3 (More) Reasons You’re Struggling with Content Marketing
August 19, 2020
Content marketing has established itself as a key part of many organizations’ marketing strategy. And with good reason: According to Hubspot, 66% of marketers say content marketing is either extremely effective or very effective for their brand, and 0% said it wasn’t effective at all.
But not all companies find content marketing smooth sailing. There are several reasons content marketing programs fail. We’ve broken down five of them in a recent PRVibes blog, and dissect three more reasons below:
A strong call-to-action (CTA) is missing: You can write stellar content, but if it does not end with a strong CTA, you’re missing some terrific opportunities to connect with your customers. Some companies use a simple Contact Us. Other companies point users back to another piece of content, such as a white paper or archived webinar. Still others use examples from their case studies or use cases as part of their CTA and steer potential customers there. A good CTA is a key part of the tiny details you need to engage with your users and potential customers. By leading your prospects down a path with content that is helpful to them, you are drawing them through the buyer’s journey and closer to making a buying decision.
Your keywords are not the perfect fit: By now, you should have a well-established Content Strategy that contains a list of keywords that are important to your business. Each part of the buyer’s journey can have some common keywords, but there should be some that are unique to each of your different audiences—and customers who are in different parts of the buyer’s journey. When choosing keywords, focus on answering specific questions that your customers are looking for, such as “How do I better track my fleet?” in addition to “fleet tracking solutions” or “Solutions for improving production in manufacturing” in addition to “manufacturing solutions for IoT.” You can include terms like “IoT AND manufacturing” as well, as you want to ensure you have both long-tail and short-tail keywords. Just don’t make them too general so that they lose value for users.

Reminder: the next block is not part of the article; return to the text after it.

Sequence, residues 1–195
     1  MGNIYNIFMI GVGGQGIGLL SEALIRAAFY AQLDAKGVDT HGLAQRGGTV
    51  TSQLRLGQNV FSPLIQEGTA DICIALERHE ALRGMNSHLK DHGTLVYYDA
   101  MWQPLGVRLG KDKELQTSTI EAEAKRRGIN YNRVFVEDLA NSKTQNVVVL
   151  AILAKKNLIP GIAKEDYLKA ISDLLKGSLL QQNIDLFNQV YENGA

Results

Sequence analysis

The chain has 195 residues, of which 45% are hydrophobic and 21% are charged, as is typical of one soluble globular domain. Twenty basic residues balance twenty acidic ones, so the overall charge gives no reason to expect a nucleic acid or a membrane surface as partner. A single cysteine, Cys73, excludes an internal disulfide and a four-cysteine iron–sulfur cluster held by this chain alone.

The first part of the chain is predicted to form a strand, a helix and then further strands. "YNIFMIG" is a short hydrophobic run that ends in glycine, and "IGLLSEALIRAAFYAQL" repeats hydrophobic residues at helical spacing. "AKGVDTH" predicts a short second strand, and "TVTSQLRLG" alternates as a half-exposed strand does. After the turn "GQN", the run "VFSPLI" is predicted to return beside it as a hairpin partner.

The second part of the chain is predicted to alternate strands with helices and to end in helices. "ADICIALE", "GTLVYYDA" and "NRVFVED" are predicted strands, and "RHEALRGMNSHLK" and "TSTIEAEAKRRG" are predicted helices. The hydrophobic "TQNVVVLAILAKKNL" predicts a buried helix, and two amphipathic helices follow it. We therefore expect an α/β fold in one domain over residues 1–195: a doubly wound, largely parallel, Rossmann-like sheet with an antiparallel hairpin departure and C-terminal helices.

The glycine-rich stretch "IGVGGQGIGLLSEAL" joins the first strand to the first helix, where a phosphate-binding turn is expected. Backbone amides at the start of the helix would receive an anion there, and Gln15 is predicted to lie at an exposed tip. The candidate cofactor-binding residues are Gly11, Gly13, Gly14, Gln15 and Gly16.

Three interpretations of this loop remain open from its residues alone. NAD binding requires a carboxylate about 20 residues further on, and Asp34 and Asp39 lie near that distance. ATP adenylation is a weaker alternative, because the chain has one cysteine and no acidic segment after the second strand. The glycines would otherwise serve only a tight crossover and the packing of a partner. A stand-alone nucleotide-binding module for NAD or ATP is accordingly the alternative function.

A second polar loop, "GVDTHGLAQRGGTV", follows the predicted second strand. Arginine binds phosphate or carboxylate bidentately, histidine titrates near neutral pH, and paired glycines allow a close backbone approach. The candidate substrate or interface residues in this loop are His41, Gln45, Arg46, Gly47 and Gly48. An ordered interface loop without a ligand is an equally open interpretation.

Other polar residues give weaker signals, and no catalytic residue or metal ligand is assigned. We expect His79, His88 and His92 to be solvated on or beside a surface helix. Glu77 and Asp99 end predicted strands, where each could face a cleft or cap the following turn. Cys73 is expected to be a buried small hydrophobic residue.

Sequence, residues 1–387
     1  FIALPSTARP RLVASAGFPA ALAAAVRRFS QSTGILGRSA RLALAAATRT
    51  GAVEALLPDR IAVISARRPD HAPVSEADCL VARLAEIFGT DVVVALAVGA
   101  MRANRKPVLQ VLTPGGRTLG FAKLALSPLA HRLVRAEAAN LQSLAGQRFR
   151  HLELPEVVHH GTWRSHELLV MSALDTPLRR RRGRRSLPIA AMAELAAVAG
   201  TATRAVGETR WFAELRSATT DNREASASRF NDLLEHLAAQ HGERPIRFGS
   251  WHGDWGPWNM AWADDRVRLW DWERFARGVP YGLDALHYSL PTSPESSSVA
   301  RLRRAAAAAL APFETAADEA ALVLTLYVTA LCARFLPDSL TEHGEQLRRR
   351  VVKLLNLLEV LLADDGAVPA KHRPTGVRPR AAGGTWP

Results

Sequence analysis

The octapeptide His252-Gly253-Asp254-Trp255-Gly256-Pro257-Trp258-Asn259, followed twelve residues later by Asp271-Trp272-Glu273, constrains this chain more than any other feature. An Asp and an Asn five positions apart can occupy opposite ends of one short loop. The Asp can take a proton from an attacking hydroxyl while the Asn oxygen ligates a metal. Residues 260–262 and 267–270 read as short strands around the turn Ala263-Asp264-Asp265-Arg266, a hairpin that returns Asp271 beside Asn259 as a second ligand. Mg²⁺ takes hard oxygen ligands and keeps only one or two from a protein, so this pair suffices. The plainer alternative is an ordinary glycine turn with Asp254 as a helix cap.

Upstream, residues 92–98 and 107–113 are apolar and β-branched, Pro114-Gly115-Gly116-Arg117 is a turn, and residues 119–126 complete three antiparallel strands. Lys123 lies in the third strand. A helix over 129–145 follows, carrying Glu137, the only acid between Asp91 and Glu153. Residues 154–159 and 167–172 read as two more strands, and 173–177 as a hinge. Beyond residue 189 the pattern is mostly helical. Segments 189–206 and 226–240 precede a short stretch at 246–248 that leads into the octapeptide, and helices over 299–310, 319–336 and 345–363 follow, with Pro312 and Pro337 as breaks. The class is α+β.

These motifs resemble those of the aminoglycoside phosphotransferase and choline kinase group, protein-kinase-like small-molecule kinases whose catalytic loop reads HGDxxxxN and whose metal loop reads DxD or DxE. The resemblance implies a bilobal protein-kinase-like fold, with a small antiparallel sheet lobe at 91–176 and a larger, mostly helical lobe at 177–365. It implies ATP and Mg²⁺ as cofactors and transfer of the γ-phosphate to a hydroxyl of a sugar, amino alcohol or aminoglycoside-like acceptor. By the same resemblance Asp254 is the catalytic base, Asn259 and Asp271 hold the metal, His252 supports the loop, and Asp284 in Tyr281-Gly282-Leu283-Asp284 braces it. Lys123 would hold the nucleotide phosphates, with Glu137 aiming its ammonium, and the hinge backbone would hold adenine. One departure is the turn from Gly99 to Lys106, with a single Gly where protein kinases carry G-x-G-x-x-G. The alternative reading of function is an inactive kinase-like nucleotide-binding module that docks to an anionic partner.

You’re not measuring your successes (or failures): This is one of the big challenges companies face—what steps do you need to take to measure your results? If you follow a traditional content marketing plan, that means you’ve developed goals that you hope your program meets. But what’s the best way to measure them? The first step is understanding what you want to measure in terms of key performance indicators (KPIs) and track over time to see if your strategy is working and your goals are realistic. Your goals might be to build awareness (easily measured by KPIs such as time on site, engagement with social media, etc.) or close sales. Either way, measuring your content marketing efforts is critical to success.
These pitfalls all map back to the success you’ve had creating—and sticking to—a content marketing plan. Content marketing can be a fruitful venture for all companies when it is done right. Download our new content marketing white paper to see how you can find success with your content marketing program.
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